Then the aliens invade: Just to be clear, nothing until this point of the movie actually mattered in the grand scheme of things. You could have taken everything after Hawkeye getting taken captured and until the alien invasion and cut it out, and the plot would not change at all. Sure, you have the other Avengers being introduced, but the only Avenger who makes any impact on the plot is Iron Man, who takes the nuke that somebody else decided to fire to totally massacre a very large number of people including some of which I'm sure were soldiers' families, or medical units, or whatever. (That's a whole other issue that I will definitely be getting into later.)

Again, do you see how nothing that happens this movie has any consequence?

Tuesday, July 22, 2014

Edge of Tomorrow

Probably the biggest problem with this movie is that it's out of theaters by the time I write this. The second biggest problem is that it's not actually perfect.



If you pay any kind of attention to movie reviews or criticism, you've probably already heard a bit about Edge of Tomorrow. It is a pretty great movie. Not perfect by any means, but awfully, awfully good. (I got into a conversation about it with a friend of mine, and when pressed, I had a really hard time articulating what made it so good, and had to concede that it's actually something of B+/A- type of movie.)

I do want to throw my opinion onto the pile though. The aliens look cool, the fight scenes are awesome, the ending sucks, the love story is superfluous, the supporting cast is pointless, and the final scene is drained of all tension.

The biggest appeal to the movie itself is the arc that the main character takes. You see him grow and change throughout the movie in a very strong, and most importantly, believable way. He doesn't start off like "Action Man", but instead a very easily relateable coward. He wants to avoid being on the frontlines of the war, because, well, doesn't everyone? He doesn't act like a total asshole in the beginning, actually, just someone afraid to fight a war against unstoppable killing machines who also control time. Even without the sci-fi elements of this movie, that scene where he's in the transport vessel is terrifying every time you see it. It's understandable that he wanted to avoid it, and you emphasize with him for being scared. That makes his growth so much more powerful.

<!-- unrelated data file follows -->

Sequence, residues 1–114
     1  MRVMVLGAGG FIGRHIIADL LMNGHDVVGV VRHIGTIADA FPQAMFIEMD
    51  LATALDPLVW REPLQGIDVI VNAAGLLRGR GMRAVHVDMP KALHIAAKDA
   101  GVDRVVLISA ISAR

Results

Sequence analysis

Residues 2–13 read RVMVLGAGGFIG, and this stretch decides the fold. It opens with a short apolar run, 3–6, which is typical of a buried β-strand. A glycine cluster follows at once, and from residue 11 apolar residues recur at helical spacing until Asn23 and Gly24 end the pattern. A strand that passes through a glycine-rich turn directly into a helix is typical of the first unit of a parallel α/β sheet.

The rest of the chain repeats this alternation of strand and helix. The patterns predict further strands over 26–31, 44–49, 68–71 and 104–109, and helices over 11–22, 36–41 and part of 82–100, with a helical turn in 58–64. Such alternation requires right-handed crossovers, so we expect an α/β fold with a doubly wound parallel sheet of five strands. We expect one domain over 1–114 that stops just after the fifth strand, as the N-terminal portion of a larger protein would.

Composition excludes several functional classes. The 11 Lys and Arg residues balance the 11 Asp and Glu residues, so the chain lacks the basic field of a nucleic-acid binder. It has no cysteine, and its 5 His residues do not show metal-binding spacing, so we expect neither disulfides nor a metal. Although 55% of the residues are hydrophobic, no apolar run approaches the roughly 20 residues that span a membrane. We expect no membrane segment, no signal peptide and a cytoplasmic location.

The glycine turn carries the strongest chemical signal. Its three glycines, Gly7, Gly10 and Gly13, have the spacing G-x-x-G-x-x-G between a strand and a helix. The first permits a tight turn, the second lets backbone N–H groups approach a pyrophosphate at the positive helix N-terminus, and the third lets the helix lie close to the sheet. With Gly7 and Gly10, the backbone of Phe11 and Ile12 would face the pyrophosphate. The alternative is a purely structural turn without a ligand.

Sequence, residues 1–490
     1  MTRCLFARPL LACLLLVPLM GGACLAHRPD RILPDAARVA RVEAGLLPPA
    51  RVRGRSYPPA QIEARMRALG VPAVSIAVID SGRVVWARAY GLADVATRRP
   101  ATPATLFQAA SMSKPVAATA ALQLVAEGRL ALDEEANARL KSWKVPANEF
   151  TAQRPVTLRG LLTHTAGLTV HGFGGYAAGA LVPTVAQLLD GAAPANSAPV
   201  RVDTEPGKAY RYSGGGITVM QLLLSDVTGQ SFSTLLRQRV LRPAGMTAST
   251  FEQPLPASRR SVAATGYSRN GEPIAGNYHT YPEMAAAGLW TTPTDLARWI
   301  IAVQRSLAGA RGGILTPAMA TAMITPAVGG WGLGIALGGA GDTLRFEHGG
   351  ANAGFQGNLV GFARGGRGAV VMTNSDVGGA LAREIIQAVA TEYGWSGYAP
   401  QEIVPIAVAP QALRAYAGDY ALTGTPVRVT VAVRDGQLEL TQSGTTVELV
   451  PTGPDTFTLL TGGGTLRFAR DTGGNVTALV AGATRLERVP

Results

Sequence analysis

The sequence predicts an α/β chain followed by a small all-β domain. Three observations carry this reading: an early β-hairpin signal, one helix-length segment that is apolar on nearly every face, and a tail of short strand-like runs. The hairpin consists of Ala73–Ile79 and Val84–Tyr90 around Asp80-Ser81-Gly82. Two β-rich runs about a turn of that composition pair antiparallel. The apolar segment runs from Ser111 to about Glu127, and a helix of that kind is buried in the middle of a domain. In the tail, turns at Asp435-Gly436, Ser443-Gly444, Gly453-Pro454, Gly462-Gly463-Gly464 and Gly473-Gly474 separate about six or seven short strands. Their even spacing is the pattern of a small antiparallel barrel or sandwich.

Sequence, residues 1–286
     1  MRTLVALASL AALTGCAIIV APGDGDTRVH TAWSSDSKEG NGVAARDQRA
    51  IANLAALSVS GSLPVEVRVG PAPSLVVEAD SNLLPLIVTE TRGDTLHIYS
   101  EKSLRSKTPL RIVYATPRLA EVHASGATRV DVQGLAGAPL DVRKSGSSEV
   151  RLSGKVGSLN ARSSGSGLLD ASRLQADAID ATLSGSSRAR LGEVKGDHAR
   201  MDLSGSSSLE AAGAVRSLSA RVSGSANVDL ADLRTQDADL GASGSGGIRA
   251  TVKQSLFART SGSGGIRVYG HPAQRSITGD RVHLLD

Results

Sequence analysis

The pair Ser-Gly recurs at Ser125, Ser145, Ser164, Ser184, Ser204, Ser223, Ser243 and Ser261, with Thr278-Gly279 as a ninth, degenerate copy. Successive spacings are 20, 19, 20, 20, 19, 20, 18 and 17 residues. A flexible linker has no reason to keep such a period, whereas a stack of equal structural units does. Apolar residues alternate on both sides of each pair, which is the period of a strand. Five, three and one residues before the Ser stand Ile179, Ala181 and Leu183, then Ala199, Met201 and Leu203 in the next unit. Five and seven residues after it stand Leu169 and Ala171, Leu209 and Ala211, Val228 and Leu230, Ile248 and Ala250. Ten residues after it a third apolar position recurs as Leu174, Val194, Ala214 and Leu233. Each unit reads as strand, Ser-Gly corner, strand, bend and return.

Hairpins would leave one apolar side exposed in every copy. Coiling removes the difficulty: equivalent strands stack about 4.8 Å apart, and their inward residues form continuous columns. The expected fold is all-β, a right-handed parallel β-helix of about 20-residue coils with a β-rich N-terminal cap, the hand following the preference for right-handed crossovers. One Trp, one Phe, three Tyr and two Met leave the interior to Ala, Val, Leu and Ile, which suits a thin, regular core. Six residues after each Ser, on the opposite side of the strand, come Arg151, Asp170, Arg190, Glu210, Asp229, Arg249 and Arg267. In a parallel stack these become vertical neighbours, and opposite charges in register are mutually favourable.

But, if you've heard anything about this movie, you've probably already heard that. One thing that amazes me and then immediately saddens me is that the love this movie is getting from critics is a giant "Fuck you" to Hollywood. The fact that so many people love to praise this movie, and are urging people to go see it and give it money is not a testament to how amazing the movie is (like I said, pretty great, but not perfect) but how shitty everything else is right now.

I get sad though, because I know that Hollywood won't absorb this lesson. They will not say, "Oh, we had a movie with an original story and a strong character arc, that must be what audiences like," but instead will promptly go, "BIG NAME STARS WACKY ALIENS EXPLOSIONS". Well, I'm happy Edge of Tomorrow exists anyway. Please go see it.

1) Well made? - For sure. The action scenes are well-filmed and appropriately chaotic for a war movie.
2) Contributed?  - Sadly, no. This took an idea from another movie and put a sci-fi/action spin on it, which is good, but did it have to be made? Not really.
3) Good time? - I actually saw this one in 4D, so it was impossible to be bored or even motionless. Still, I can say that even in old-timey 2D, this was a great time.
4) Watch again? - I would have seen it three times in the theater if I could have.
5) Worth it?  - Yes! God, I wish it was still in theaters so I could urge you to go see it.